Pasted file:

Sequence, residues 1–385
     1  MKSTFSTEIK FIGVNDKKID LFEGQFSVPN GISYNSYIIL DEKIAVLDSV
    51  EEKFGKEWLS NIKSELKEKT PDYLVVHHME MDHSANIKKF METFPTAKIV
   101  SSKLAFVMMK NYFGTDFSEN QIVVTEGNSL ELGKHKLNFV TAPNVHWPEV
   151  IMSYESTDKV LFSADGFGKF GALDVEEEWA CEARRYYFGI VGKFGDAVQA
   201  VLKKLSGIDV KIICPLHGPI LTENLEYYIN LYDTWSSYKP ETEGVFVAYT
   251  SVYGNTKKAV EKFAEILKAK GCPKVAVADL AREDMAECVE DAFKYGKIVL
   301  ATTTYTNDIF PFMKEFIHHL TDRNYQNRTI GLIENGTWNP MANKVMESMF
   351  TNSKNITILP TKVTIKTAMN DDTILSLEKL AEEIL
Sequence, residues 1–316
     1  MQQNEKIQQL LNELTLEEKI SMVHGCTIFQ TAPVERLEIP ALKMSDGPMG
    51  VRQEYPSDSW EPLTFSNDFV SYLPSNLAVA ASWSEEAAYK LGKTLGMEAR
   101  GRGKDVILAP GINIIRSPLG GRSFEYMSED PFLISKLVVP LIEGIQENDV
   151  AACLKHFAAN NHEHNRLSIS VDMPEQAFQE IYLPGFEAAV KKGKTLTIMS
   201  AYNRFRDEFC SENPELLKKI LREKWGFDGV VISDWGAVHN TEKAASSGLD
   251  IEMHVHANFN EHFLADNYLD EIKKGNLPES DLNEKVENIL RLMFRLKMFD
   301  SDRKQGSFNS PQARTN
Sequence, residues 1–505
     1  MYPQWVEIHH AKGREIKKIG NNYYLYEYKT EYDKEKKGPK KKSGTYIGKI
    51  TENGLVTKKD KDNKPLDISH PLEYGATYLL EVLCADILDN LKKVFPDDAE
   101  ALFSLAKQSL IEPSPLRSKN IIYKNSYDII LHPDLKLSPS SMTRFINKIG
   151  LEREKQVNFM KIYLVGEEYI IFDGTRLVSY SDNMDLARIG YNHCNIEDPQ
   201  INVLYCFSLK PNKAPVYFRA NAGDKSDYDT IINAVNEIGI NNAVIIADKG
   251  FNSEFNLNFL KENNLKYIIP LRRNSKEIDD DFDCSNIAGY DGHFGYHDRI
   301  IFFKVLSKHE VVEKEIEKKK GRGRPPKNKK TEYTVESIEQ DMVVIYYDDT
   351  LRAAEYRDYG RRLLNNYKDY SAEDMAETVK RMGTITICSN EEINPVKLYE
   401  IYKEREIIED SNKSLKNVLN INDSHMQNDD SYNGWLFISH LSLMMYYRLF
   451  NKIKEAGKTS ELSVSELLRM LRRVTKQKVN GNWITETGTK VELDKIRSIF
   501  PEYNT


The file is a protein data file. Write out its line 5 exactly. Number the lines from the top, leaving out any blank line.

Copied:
   151  IMSYESTDKV LFSADGFGKF GALDVEEEWA CEARRYYFGI VGKFGDAVQA